Late last August, a solar-powered drone called Zephyr almost beat one of aviation’s most enduring records.
The unmanned aircraft, operated by the US Army and produced by Airbus, flew for 64 days, 18 hours and 26 minutes before unexpectedly crashing down in Arizona – just four hours shy of breaking the record for the longest ever continuous flight.
That record was set 64 years ago, in 1959, by Robert Timm and John Cook, who flew aboard a four-seater aircraft in the skies over Las Vegas for 64 days, 22 hours and 19 minutes.
It’s remarkable that the Zephyr – a light aircraft with modern technology which was flying autonomously – not only failed to beat that time, but even if it had, Timm and Cook would still have retained the world endurance record for a crewed flight.
In fact, it’s nothing short of astonishing that Timm and Cook managed to stay in the air for so long, in an era that was closer to the Wright brothers’ first flight than today.
The fuel problem
In 1956, the Hacienda hotel and casino opened at the southern end of the Las Vegas Strip.
It was one of the first family-oriented resorts in Las Vegas, and looking for publicity, the hotel owner took upon the suggestion of one of its employees: fly a plane bearing the hotel’s name on its side, and use it to beat the flight endurance record, which stood at almost 47 days in the air and had been set in 1949.
The employee, a former World War II fighter pilot turned slot machine repairman named Robert Timm, received $100,000 to set up the event, which was then tied to a fundraiser for cancer research.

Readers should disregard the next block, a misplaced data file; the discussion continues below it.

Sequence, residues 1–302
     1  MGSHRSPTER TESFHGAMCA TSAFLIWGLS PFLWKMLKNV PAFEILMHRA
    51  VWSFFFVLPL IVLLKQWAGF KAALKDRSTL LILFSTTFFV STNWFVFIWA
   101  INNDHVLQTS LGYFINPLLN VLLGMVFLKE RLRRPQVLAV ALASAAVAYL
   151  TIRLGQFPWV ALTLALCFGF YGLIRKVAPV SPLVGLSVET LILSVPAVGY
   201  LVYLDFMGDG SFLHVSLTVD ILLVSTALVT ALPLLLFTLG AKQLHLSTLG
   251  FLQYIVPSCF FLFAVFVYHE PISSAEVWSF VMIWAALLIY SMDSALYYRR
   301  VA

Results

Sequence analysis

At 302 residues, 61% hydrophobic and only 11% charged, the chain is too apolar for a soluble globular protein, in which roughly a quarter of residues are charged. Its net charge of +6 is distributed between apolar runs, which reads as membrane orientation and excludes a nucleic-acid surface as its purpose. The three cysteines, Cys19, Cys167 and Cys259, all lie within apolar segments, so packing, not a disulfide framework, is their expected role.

Timm spent months modifying his chosen aircraft, a Cessna 172: “It was a relatively new design,” says Janet Bednarek, an aviation historian and professor at the University of Dayton. “It’s a roomy four-seater airplane and it was known for being reliable and fairly easy to fly – something you don’t have to pay attention to every moment. And when you’re doing long duration, you want an airplane that’s just going to kind of hum along there.”
The modifications included a mattress to sleep on, a small steel sink for personal hygiene, the removal of most of the interior fittings to save weight, and a rudimentary autopilot.
“The important thing, however, was to create a way to refuel,” says Bednarek. “There had been a lot of experiments up to this point with aerial refueling, but there really was no way to modify a Cessna 172 to be refueled in midair. So they set up an extra tank that could be filled from a truck on the ground. When they needed to refuel, they would come down and fly very low and just above stall speed, then the truck came along and winched up a hose and then used a pump to transfer the fuel into the airplane. It really was a dramatic show of airmanship, because they had to do it at night sometimes and that required some precision flying.”
Fourth time’s a charm
Timm’s first three attempts at the record ended abruptly due to mechanical failures, with the longest leaving him and his co-pilot in the air for about 17 days. In September 1958, however, the record itself was bested by another team, also flying a Cessna 172; it now stood at over 50 days.
For his fourth attempt, Timm selected John Cook, who was also an airplane mechanic, as his new co-pilot, having struggled to get along with his previous one.